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Hayden's 'Tap Phones To Catch Terrorists' Lie Doesn't Wash
Massive Echelon snoop program did exist before 9/11, US government knew location of hijackers

Paul Joseph Watson/Prison Planet.com | May 19 2006

General Hayden's justification that the NSA surveillance program would have prevented 9/11 by uncovering two of the alleged hijackers is a complete fallacy for two reasons. One - a global spying network to dwarf the domestic eavesdropping controversy that tracks all communications, Echelon, was in existence. Two - the alleged 9/11 hijackers were tracked and catalogued by the US government.

During his confirmation hearing Hayden said that if the warrantless domestic surveillance program had been in place before 9/11, two of the alleged 9/11 hijackers (or US government agents), Khalid Almihdhar and Nawaf Alhazmi, would have been caught.

"The NSA would have raised its hand and said, 'Hey, these guys are in San Diego,' " he said.

Firstly, the Echelon program has collected information in violation of the 4th Amendment from American citizen's phone calls since the early 90's at least. In addition, a 2001 European Parliament report stated that "within Europe all e-mail, telephone and fax communications are routinely intercepted" by the NSA.

The fact that Echelon barely even merited a mention during the recent furore created by the USA Today piece goes to show how utterly useless our media are in recalling what has already been admitted and proven.

In 1999 the Australian government admitted that they were part of an NSA led global intercept and surveillance grid in alliance with the US and Britain that could listen to "every international telephone call, fax, e-mail, or radio transmission."

"As you would expect there are a large amount of radio communications floating around in the atmosphere, and agencies such as DSD collect those communications in the interests of their national security," said Bill Blick, Inspector General of Intelligence and Security and the man who oversaw the Australian government's intelligence apparatus.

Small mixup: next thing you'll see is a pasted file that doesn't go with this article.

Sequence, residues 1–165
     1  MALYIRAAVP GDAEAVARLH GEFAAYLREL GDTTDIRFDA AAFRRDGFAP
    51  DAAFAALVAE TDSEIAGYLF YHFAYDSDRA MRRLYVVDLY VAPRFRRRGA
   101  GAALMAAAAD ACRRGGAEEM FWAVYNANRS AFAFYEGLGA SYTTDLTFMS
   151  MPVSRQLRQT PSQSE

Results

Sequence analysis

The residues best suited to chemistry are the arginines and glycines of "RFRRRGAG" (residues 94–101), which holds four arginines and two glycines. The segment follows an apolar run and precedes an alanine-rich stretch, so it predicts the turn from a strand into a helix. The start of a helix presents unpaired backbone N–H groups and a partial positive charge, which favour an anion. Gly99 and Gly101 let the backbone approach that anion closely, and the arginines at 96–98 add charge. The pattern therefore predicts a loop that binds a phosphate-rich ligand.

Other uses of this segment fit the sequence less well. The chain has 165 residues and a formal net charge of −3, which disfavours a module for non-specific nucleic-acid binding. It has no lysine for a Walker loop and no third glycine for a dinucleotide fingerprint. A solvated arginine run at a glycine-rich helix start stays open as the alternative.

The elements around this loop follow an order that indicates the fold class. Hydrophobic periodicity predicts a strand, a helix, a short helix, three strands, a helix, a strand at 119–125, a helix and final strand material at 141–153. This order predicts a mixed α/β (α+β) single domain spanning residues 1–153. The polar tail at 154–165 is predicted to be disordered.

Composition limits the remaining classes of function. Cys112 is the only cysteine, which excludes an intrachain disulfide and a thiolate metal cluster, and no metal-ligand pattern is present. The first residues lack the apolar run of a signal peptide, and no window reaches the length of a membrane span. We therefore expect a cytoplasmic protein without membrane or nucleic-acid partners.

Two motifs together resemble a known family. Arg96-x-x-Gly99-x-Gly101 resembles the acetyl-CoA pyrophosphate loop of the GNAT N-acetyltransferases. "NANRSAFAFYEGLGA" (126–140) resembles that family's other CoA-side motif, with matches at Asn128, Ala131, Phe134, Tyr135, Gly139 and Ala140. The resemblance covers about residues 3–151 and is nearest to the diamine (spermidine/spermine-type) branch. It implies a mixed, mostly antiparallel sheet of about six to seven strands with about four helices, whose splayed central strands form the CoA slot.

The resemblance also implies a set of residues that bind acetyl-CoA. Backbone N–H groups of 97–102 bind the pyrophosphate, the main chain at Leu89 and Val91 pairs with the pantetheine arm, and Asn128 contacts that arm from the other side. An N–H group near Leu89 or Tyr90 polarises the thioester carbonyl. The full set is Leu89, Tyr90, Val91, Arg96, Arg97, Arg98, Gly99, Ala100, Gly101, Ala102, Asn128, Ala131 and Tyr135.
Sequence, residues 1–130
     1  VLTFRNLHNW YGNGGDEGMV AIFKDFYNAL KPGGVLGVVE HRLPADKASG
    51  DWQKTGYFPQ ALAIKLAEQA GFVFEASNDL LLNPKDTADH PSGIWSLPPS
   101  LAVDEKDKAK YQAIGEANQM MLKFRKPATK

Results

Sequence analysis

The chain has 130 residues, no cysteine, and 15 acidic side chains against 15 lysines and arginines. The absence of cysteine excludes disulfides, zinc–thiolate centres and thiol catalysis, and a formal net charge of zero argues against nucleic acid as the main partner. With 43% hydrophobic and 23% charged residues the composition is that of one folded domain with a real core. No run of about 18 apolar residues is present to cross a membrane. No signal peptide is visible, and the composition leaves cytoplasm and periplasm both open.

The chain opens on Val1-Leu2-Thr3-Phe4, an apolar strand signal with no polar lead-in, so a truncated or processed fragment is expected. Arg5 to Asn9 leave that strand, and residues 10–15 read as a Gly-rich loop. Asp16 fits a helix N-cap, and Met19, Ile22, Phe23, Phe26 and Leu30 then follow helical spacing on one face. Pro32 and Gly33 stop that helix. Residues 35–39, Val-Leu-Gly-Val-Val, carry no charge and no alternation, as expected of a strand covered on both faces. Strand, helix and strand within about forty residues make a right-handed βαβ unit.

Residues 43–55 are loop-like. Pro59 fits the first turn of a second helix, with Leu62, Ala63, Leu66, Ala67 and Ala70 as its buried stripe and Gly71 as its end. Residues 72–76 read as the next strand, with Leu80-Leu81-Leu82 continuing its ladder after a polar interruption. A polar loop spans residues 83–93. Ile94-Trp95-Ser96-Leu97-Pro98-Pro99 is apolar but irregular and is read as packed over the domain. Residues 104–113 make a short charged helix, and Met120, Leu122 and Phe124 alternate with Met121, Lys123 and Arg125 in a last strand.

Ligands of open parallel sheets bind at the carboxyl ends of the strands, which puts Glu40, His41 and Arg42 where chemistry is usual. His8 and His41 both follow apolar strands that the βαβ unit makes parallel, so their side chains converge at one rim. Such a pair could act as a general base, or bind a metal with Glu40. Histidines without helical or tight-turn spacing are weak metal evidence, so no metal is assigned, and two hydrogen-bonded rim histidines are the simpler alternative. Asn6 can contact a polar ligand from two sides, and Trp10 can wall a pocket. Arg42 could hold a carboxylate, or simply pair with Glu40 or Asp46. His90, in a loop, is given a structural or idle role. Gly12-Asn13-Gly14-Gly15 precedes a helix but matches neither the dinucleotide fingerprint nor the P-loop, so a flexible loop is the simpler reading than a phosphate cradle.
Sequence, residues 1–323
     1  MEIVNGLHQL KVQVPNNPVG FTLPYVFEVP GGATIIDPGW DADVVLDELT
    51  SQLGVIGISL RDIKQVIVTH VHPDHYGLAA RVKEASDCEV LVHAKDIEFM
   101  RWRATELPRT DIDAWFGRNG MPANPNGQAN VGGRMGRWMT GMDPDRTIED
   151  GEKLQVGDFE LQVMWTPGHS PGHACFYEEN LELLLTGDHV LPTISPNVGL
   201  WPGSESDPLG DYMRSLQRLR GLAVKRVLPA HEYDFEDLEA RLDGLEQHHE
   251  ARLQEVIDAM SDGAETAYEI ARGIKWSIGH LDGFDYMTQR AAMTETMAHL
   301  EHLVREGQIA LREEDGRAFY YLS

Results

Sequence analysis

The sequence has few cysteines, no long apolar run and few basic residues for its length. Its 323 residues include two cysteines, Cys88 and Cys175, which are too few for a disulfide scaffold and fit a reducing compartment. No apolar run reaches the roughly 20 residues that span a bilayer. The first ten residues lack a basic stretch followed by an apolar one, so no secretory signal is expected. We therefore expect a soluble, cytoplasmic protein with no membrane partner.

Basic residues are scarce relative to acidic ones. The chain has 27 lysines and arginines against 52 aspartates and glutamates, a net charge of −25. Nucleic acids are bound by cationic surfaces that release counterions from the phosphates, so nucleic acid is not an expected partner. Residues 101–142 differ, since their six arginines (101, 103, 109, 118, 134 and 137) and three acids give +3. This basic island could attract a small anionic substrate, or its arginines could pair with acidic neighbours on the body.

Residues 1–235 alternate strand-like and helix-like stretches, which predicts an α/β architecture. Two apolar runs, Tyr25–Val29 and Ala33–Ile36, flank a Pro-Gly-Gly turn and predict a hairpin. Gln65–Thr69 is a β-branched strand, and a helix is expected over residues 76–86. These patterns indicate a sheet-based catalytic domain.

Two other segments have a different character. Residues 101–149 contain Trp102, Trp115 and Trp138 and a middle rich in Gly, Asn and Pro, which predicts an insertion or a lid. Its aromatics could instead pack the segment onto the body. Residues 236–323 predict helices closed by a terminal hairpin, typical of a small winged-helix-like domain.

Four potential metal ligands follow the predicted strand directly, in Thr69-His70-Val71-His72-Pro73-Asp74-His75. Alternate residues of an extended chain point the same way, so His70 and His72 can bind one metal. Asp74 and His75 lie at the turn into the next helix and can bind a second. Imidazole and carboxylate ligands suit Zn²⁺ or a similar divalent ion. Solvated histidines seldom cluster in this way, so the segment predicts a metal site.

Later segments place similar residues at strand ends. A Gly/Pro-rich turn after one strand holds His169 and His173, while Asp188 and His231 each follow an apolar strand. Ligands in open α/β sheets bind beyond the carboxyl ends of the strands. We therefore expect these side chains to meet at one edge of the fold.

A large sector of Echelon is dedicated to industrial espionage. For example, in November 1999 the BBC reported that the NSA snooped on phone calls from a French firm bidding for a contract in Brazil. They passed the information on to an American competitor, which won the contract.

Hayden's assertion that a pre-9/11 domestic NSA eavesdropping program would have led to the capture of Khalid Almihdhar and Nawaf Alhazmi is completely misleading.

Two days after 9/11 Germany's daily Frankfurter Allgemeine Zeitung reported that the Echelon spy network had provided warnings of the attack 6 months in advance, dispelling Hayden's claim that no such surveillance network was active before 9/11.

The CIA knew exactly where Almihdhar and Alhazmi (pictured) were two months before 9/11 because they were living an FBI informant in San Diego. Newsweek reported this in their story, The Informant Who Lived With the Hijackers, and it was also picked up by Reuters who ran it under the headline, CIA Knew Two Sept. 11 Hijackers Were in U.S.

The CIA had also tracked the individuals to a supposed Al-Qaeda meeting in Malaysia in January 2000 and then let them back into the US. The US government was fully aware of their movements without the need for a phone tap and allowed them safe passage around the globe.

Hayden's claim that an NSA phone tap would have uncovered Almihdhar and Alhazmi's San Diego base is totally at odds with the fact that the CIA knew their location anyway and they were also living with an FBI informant.

This is a cynical and deceptive move on the part of Hayden to try and sell the illegal wiretapping of American citizens on the fraudulent basis that it could have stopped 9/11. A cursory examination of the facts exposes Hayden's mendacity and his temerity in fooling the American people into supporting the wholesale subjugation of the Constitution.



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